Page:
Healing Sweet Potato Soup

Trust no one.

Don’t buy into the hype.

Don’t try new recipes on guests.

All of the above are good pieces of advice. So when Special Correspondent Ariella told me about an amazing soup that soothed the soul, I didn’t believe her. Years ago, she told me the tale of a soup that came out differently for every person – but tasted delicious each time. She may have used the term magical to describe this phenomena. I ignored her.

Then, she made Healing Sweet Potato Soup when everyone was sick. I loved it – and I don’t even like sweet potatoes – and I healed. I should have trusted her – it lived up to the hype. As you heal this flu season, I recommend you do the same. In fact, I suggest you make it for the first time for lots of guests.

Healing Sweet Potato Soup

1 onion, diced

1 to 2 apples, peeled and diced

3 large or 5 small sweet potatoes, peeled and cubed

1 cup of cashews, or more to taste

Just enough water to cover the other ingredients

For an extra kick, add green salsa

Bring to a boil, cover and simmer until ingredients are soft – about 3 hours. Do not drain the water, use an immersion blender or food processor to achieve the right consistency.

The Lunch of Libraries: Spiced Rice

The days of sacrosanct libraries is coming to an end. In the children’s section, parents are reprimanded for shushing their children with the librarian’s gentle, ‘Libraries are for talking too.’ Phone calls are allowed in designated areas. Magazines litter tables once reserved for dictionaries and encyclopedias. However, one rule remains iron-clad: no food is permitted. Adults who try to eat breakfast are asked to leave. Parents who pull out cheerios are informed that they can take their children outside if they need to snack. Of course, there’s one exception: the library staff.

When I worked in a public library, patrons dropped off food for the staff for every major holiday and some of the minor ones. They treated us like neighbors – the food came in glass dishes, with silver spoons, and instructions on how long to heat it up and what would go best with it. Desserts were generally a favorite, but sometimes grateful patrons dropped off a whole meal. The one the librarians loved best was a giant casserole dish of curried rice with shrimp. The Indian woman who made it was chatty and friendly, with a penchant for romance novels and the occasional best seller. She believed in good manners, as evidenced by her generous and reportedly delicious gift, and her innate understanding that the staff would wash her dishes before her next weekly visit to the library. She was proved right on all accounts.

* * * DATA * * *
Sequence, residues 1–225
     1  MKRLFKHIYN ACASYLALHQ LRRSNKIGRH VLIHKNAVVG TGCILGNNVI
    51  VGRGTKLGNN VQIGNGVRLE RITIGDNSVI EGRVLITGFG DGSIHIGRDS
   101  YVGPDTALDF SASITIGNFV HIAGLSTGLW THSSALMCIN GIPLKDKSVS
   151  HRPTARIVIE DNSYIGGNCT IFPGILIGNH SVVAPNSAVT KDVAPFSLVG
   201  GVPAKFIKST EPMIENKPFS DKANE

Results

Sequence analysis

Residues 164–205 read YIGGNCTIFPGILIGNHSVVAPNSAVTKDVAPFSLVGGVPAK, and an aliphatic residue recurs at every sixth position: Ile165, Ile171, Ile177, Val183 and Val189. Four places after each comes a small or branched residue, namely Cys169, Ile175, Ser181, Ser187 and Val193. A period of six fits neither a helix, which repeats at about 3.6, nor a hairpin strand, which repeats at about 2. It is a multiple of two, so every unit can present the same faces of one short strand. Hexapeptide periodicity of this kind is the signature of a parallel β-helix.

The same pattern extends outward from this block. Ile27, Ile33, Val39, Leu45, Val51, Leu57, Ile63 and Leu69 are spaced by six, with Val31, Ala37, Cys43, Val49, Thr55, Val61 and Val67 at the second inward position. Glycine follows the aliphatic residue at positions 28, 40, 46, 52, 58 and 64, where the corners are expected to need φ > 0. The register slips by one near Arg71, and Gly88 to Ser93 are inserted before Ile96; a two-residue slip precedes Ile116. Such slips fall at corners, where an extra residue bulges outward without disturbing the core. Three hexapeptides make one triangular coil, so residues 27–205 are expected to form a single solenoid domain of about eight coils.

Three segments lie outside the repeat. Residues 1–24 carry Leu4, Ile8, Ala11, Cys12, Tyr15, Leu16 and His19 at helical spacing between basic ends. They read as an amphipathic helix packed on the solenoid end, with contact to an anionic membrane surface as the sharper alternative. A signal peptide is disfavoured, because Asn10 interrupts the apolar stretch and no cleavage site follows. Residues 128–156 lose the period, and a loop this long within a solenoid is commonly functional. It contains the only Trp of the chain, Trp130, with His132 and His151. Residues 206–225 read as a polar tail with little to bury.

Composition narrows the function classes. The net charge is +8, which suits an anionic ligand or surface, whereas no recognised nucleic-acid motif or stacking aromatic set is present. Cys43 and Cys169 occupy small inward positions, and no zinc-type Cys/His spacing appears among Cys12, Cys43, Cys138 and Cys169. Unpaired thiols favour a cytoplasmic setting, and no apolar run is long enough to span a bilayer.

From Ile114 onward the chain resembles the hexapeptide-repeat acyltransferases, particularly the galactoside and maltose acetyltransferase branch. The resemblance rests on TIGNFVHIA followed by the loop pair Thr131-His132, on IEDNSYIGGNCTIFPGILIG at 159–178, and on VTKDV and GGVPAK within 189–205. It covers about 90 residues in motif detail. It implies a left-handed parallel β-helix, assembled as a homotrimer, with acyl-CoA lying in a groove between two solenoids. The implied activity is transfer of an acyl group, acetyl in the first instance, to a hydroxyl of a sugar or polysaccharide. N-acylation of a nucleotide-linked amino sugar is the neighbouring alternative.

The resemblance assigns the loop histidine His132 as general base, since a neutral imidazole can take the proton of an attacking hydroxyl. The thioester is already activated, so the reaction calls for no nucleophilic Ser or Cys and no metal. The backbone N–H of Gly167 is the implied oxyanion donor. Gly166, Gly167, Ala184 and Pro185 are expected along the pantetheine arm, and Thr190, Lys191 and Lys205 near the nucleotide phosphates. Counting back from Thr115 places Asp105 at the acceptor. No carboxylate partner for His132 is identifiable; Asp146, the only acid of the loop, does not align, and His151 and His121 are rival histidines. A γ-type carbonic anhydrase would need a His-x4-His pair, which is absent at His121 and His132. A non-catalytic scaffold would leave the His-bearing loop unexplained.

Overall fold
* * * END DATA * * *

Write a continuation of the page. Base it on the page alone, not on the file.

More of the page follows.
Although I couldn’t eat what she made, the dish made an impression on me. Curried rice – sans shrimp – seems to me the epitome of an elegant thank-you. However, I’ve never found a recipe which lives up to the mythical hype. I’ve tried a number of curried rice recipes, even recruiting Special Correspondent Ellen to cull her finest curried rice recipes for me. None of them measured up. But, I adapted them and came up with this instead:

Spiced Rice

2 1/4 c water

1 c brown rice

1 tsp cumin

1 tsp chili powder

1/2 tsp cayenne

1/2 tsp salt

Pour everything into the pot, bring water to a boil. Lower to a simmer, cover, allow to cook for 30 minutes or until water is fully absorbed.

 

To turn this into a full meal:

1 can of chickpeas, drained

1 green pepper, sliced into thin strips

1 red pepper, sliced into thin strips

1 to 2 cloves garlic, chopped

salt, to taste

pepper, to taste

Spray baking pan with oil, toss on all ingredients. Bake at 400 for 30 to 45 minutes, stirring every 10-15 minutes.

Mix together, place in your best dishes – and walk it over to your local library staff. They’ll thank you, and clean your dishes too.

“But seeing his status doesn’t help,” Mindy said. “It’s not like we can do anything about it if he falls behind. This is a pointless task.”

“How long have you worked for the government?” Venkat sighed.

from The Martian